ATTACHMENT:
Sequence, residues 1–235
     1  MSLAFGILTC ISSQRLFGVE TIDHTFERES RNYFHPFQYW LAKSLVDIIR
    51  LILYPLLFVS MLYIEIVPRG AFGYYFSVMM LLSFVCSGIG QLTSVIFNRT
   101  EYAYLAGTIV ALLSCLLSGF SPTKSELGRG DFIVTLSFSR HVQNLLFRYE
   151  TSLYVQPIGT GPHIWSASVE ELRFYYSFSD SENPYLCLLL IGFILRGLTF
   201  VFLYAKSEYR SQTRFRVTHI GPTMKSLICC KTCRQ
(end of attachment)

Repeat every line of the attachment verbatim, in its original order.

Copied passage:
Sequence, residues 1–235
     1  MSLAFGILTC ISSQRLFGVE TIDHTFERES RNYFHPFQYW LAKSLVDIIR
    51  LILYPLLFVS MLYIEIVPRG AFGYYFSVMM LLSFVCSGIG QLTSVIFNRT
   101  EYAYLAGTIV ALLSCLLSGF SPTKSELGRG DFIVTLSFSR HVQNLLFRYE
   151  TSLYVQPIGT GPHIWSASVE ELRFYYSFSD SENPYLCLLL IGFILRGLTF
   201  VFLYAKSEYR SQTRFRVTHI GPTMKSLICC KTCRQ